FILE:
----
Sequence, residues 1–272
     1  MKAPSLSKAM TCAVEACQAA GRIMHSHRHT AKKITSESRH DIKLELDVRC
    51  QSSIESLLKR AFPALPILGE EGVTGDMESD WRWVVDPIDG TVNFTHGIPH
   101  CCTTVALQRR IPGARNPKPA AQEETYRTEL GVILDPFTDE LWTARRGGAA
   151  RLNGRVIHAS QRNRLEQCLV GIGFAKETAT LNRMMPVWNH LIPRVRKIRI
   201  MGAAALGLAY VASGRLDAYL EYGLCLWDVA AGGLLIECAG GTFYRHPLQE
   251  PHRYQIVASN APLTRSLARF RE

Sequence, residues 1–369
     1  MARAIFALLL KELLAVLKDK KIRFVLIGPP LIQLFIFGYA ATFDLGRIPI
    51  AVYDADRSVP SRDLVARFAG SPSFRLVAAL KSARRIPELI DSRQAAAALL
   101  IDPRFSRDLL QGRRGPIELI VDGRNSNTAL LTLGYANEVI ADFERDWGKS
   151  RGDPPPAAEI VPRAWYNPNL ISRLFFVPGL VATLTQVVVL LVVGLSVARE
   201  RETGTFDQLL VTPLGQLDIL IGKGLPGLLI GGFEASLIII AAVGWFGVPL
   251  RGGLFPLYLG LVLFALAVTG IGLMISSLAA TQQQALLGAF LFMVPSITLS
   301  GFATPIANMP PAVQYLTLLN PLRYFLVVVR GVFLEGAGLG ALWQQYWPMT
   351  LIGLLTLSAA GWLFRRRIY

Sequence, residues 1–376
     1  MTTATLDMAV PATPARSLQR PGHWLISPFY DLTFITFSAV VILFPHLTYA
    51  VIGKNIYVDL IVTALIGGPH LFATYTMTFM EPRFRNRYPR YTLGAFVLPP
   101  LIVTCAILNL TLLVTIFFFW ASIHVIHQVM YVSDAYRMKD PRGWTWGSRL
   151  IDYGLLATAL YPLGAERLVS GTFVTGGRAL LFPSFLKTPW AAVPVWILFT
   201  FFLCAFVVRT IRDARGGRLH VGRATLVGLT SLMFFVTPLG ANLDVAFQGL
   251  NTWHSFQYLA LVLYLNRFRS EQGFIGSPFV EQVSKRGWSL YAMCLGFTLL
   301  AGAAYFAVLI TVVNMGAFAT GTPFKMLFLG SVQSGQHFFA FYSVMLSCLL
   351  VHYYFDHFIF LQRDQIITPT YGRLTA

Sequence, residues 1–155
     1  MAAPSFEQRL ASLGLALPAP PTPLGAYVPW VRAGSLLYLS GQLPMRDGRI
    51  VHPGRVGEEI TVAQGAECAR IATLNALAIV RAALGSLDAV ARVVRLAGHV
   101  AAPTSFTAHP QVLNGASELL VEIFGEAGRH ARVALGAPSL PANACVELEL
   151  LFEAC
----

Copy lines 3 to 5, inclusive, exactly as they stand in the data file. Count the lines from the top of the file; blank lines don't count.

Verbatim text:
    51  QSSIESLLKR AFPALPILGE EGVTGDMESD WRWVVDPIDG TVNFTHGIPH
   101  CCTTVALQRR IPGARNPKPA AQEETYRTEL GVILDPFTDE LWTARRGGAA
   151  RLNGRVIHAS QRNRLEQCLV GIGFAKETAT LNRMMPVWNH LIPRVRKIRI